N2: Will be about the same difficulty as the current JLPT2.
N3: Will be a level between the current JLPT2 and JLPT3 levels. (This is a newly created level.)
N4: Will be about the same difficulty as the current JLPT3.
N5: Will be about the same difficulty as the current JLPT4.
New JLPT Levels
This is interesting. I’m curious to know how the new N1 scoring will reflect a “higher level” than the existing JLPT1. Will it be worth taking again for people who have already passed JLPT1? Probably not…
It’s good that they created N3. I heard a lot of complaints from people that the jump from JLPT3 to JLPT2 was too great. N3 should be a nice middle ground that people can shoot for!
I came across this video by Michichan in my Twitter feed this morning.
Great to find another Japanese enthusiast!
One correction for Japanese learners though, the ふ, though it is often romanized as either “fu” or “hu,” is not necessarily pronounced more like FU than it is HU.
Mount Fuji is always written with a FU and it likely sounds like FUji to Westerners.
Mount Fuji is a fabulous mountain and all, but I think it’s the source of ふ confusion for foreigners everywhere. Fuji sounds like FU-ji to me to this day! Really though, it is pronounce more like Huji. It’s a sound sort of between F and H.
Take a listen to this audio file from our Hiragana and Katakana apps spoken by a native speaker.
See how it is different than FU?
You can really get a handle on whether it’s FU or HU by thinking about other words that start with ふ. Most of them would sound strange if pronounced “FU.”
Think about these:
不思議 “hushigi” mysterious
風呂 “huro” bath
降る “huru” to fall (like rain)
“Futsuuga ichiban ya de!”
(Sort of like, ‘normal’ is best!, as in, I don’t need anything fancy.)
Here it is slower.
The best way to get a feel for this is to listen to lots of Japanese! Eventually you’ll see that ふ isn’t quite FU, and similarly the ら、り、る、れ、ろ lines is not really RA RI RU RE RO, but it’s closer to an “L” – perhaps somewhere in between.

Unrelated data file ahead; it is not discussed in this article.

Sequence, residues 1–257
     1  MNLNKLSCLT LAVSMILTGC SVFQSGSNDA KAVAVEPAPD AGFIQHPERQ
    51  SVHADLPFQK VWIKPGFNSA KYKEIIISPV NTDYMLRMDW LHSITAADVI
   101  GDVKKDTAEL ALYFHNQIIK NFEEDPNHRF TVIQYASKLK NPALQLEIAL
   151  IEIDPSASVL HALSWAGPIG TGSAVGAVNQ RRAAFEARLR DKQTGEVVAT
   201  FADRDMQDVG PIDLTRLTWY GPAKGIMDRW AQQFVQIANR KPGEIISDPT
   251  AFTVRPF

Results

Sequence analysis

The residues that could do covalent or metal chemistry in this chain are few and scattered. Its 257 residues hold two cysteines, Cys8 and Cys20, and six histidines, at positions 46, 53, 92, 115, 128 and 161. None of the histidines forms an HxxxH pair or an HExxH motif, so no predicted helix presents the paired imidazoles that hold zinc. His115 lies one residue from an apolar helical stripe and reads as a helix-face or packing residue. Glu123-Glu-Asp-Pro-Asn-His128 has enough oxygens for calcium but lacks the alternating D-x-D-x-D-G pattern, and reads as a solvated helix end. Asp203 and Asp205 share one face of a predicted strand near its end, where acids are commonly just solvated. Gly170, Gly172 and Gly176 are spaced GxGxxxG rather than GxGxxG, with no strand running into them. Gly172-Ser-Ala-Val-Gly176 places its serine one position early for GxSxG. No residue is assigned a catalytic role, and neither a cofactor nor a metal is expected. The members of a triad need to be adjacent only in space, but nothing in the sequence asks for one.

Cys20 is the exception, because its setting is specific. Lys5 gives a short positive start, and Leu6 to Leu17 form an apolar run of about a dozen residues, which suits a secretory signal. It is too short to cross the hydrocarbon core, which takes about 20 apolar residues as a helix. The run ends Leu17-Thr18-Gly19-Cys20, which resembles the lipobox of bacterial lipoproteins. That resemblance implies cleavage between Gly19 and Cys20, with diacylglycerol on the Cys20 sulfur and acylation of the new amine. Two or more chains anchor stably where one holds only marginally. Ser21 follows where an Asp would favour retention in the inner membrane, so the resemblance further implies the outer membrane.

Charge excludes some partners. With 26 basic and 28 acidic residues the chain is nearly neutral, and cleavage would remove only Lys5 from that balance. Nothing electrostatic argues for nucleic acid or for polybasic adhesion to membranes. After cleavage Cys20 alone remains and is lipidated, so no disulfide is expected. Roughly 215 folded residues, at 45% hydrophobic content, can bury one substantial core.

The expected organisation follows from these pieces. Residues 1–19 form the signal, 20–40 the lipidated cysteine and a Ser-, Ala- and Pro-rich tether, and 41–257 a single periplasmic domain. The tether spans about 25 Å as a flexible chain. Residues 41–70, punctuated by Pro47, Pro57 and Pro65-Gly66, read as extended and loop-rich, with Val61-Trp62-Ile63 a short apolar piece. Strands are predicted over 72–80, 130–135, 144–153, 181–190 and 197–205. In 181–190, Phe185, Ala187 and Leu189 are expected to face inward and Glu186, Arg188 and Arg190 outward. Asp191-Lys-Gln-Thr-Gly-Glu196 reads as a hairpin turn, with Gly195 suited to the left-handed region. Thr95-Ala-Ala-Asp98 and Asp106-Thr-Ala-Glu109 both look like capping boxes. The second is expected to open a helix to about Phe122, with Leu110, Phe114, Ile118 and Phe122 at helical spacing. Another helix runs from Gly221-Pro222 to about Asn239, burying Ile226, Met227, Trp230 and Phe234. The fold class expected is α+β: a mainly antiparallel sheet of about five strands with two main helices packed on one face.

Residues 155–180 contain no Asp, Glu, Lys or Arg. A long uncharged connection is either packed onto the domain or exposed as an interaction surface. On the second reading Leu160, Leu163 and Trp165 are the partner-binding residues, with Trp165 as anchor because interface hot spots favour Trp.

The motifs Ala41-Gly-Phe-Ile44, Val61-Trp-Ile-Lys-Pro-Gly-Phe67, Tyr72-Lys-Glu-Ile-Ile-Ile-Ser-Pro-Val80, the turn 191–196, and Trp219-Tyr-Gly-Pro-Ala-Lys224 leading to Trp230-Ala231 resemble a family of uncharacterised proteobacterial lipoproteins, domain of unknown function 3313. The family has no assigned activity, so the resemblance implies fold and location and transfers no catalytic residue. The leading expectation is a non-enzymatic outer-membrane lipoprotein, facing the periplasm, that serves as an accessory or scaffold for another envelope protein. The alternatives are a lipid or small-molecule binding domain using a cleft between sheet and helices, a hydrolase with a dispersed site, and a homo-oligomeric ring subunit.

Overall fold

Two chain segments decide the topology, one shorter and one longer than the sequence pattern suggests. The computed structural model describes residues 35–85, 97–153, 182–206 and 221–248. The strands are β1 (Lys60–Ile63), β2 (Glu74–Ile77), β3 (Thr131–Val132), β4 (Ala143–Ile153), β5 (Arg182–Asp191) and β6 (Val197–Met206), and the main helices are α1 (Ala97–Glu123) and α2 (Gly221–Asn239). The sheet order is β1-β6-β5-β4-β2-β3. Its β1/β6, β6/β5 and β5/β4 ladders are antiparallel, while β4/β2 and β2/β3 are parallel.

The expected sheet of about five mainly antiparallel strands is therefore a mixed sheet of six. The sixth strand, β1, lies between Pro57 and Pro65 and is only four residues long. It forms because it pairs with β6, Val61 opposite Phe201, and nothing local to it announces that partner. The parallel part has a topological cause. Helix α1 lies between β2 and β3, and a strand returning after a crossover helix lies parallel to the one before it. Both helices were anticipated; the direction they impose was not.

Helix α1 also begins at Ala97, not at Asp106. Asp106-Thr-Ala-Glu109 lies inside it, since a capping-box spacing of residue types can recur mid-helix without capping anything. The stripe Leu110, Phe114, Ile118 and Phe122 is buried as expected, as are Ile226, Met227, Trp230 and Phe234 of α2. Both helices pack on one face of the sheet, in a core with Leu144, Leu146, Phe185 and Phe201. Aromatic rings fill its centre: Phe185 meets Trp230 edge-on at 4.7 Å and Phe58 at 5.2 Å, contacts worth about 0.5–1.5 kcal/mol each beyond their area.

Once you get these things straight Japanese pronunciation isn’t so tough!
The ふ thing is really border line though – sometimes I feel that when Japanese get really excited and scream things like ふざけるな！They are really saying something closer to FU and not HU.
Admittedly, there are a lot of Hiragana Apps out there.
The thing that sets our app apart from the rest, I believe, is that this app allows you to test your listening comprehension.
We used to play a game in high school where the teacher would spread kana cards out on the floor and the students would all crowd around.
Then the teacher would call out a kana, for example, “YO!” And the students had to be quick to find YO and grab it. Whoever got the card first would win the point.
I remember being traumatized trying to pick out the difference between ね and れ back in those days…
The Quiz Mode simulates that to an extent, but with a max of four different hiragana on the screen. You can pick between 2 or 4 to slightly adjust the difficulty. The app will call out a kana, and then you have to touch the right card. At the end of the quiz you can see the total time used so you can race for time if you want.
This “hearing and finding” exercise works a different part of the brain than matching the Romaji with the hiragana, so I think this is a worthwhile app.
Kirin from Tokyo Kawaii Etc wants to help you learn about Japan and Japanese. In this video she explains how Katakana is used differently than Hiragana.
Neat that she has speech bubbles with the Japanese when she is speaking. Self subtitles, gotta love em.
She explains that Katakana is used for imported words like “t-shirt” and “computer” as they are said in Japanese. This is a simple, but straightforward introductory explanation of the difference between Hiragana and Katakana.
She doesn’t go on to explain how Katakana is also used for emphasis, and also often for sound words that are native Japanese and not imported at all. Sound words like what you saw on the Economist Cover with ドッカーン! And also in the Giongo Gitaigo App.
It’s always good to hear something explained from a variety of people! I hope Kirin makes more videos explaining Japan and Japanese. This is a great service.